SCO must revisit its policy on Afghanistan

New Delhi has conveyed its readiness to work closely with SCO members in efforts to bring peace, prosperity and stability in Afghanistan. Any attempt to isolate India from Afghanistan at multilateral levels would only hamper the process, writes Gaurav Dixit for South Asia Monitor.
May 14, 2018
By Gaurav Dixit
The 2018 summit of the Shanghai Cooperation Organization (SCO) will be held in the coastal city of Qingdao in East China's Shandong province in June. 
Chinese Foreign Minister Wang Yi said the SCO summit in Qingdao is going to be "a new milestone in the history of the SCO." Participants are expected to work on a five-year outline for implementation of the Treaty on Long-term Good Neighborliness, Friendship and Cooperation, and on some resolutions or documents concerning security, economic, cultural and environmental cooperation. With renewed Chinese and Russian interest in Central Asia and Afghanistan, and both India and Pakistan becoming SCO members, the summit is expected to provide a framework for the organization’s renewed engagement in Afghanistan. 
Within the SCO, the SCO Contact group is a dedicated group handling the Afghanistan problem. A protocol to establish the SCO-Afghanistan contact group was adopted by the SCO in Astana in 2005 and the group met till 2011, after which it stopped meeting.
The SCO-Afghanistan Contact Group, at the level of deputy foreign ministers, met after seven years in Moscow on 11 October 2017. Delegates stressed the importance of supporting the Afghanistan government and peoples’ efforts to settle the conflict through political consultations and dialogue. 
There are great expectations about the SCO’s role in Afghanistan; however, it has not come close to fulfilling the international community’s expectations that it is willing to seriously handle the Afghan problem. Currently, there are glaring divergences in the manner that individual SCO member countries perceive the insurgency crisis in Afghanistan. It has repeatedly reiterated its position to support local and international efforts aimed at initiating a political dialogue between Afghanistan's authorities and the insurgent groups.  However, it has taken a different approach to the different warring factions.
Russia and Pakistan have been critical of the Islamic State in Afghanistan, while taking a softer stand against the Taliban. Russia, China and Pakistan are working towards building a new axis in Afghanistan to accommodate the Taliban as a tool against the Islamic State. Russia and China, like Pakistan, are taking a relatively benign view of the Taliban, which is in direct conflict with the views expressed by the newly inducted other member, India. The notion of the ‘Good-Taliban, Bad-Taliban’ promoted by Pakistan, has also been accepted by most SCO members.
They have agreed to adopt a flexible approach to remove certain members of the Taliban from the UN sanctions lists as part of their efforts to foster a peaceful dialogue between Kabul and the Taliban. India, however, has always insisted that it is up to the government of Afghanistan to decide whom to engage in direct talks. India, having taken a divergent view from China and Russia on engaging the Taliban as part of the peace process, maintains that there is no good or bad Taliban.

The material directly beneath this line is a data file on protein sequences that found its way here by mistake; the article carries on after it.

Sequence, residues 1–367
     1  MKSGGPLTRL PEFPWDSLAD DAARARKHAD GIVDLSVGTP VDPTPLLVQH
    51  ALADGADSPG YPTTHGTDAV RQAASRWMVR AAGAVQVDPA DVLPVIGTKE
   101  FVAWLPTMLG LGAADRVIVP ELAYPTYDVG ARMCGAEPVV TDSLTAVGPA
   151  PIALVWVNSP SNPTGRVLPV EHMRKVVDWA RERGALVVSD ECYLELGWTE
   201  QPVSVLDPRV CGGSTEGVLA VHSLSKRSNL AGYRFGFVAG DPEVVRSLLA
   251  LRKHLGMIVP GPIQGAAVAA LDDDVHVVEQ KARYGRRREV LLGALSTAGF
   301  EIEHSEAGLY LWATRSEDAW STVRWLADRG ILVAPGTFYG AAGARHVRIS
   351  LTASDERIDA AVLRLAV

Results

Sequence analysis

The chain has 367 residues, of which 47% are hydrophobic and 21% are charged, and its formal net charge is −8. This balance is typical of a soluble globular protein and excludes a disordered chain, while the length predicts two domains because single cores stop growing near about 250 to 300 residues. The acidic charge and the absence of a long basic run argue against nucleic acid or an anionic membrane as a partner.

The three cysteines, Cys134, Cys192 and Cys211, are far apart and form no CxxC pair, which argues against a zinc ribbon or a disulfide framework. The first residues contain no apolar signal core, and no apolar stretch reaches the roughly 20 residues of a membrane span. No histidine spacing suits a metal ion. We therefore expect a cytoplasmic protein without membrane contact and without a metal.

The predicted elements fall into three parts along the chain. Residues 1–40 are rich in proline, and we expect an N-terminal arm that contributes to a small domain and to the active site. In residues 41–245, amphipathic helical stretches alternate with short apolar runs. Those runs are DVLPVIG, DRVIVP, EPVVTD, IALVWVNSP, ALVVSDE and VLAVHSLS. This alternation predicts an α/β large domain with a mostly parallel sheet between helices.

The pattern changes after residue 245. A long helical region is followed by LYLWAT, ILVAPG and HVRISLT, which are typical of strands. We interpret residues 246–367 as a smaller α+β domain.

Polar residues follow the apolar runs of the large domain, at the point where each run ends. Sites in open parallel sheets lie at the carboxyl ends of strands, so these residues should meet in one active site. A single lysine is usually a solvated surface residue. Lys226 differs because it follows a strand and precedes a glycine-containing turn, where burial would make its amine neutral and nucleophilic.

Secondly, for India, fighting terrorism jointly with Pakistan is a no-go, considering that New Delhi regards Islamabad as the promoter of terror groups aimed at bleeding India and Afghanistan.
Russian Foreign Minister Sergey Lavrov offered ‘deep appreciation’ to Islamabad for its efforts and sacrifices to combat terrorism, in the same breath with which he criticized the US policy in Afghanistan. The statement was more an outcome of geostrategic interests than a true picture of the ground reality. Russia’s new policy suggests that its growing interest in region can be achieved by blindly acknowledging Pakistan’s effort without underlining its role in the Afghan problem.
Similarly, Pakistan has repeatedly reiterated that it would not accept India’s role as a regional policeman, nor does it accept that India has any role to play in Afghanistan. Prime Minister Shahid Khaqan Abbasi has said that Pakistan sees "zero" political or military role for India in Afghanistan.
It would be nearly impossible to achieve peace and stability in Afghanistan without engaging India. New Delhi has conveyed its readiness to work closely with SCO members in efforts to bring peace, prosperity and stability in Afghanistan. Any attempt to isolate India from Afghanistan at multilateral levels would only hamper the process.
Finally, SCO members cannot reject the role of the US and the international community in Afghanistan. The Afghan government’s stability is deeply dependent on the international forces. Any alteration in the status quo might completely turn the table in favour of the Taliban, which is rapidly gaining ground in the country. It will only push the attempted peace process to a precarious level.
Therefore, SCO needs to revisit its policy, based on the interests of the region and support international community in their fight against the insurgents. It should help the Afghan government to meet their aspirations, highlighted by Deputy Foreign Minister Hekmat Karzai during the SCO contact group meeting.
He highlighted the important role of SCO in helping Afghanistan achieve its economic potential, as well as its integration with the SCO economies through increased trade, transit, and investment. SCO countries are well placed to help Afghanistan achieve economic growth and integration which, in turn, will open a window for peace and normalcy.
(The author is Associate Research Fellow at the United Service Institution of India, New Delhi. He can be contacted at

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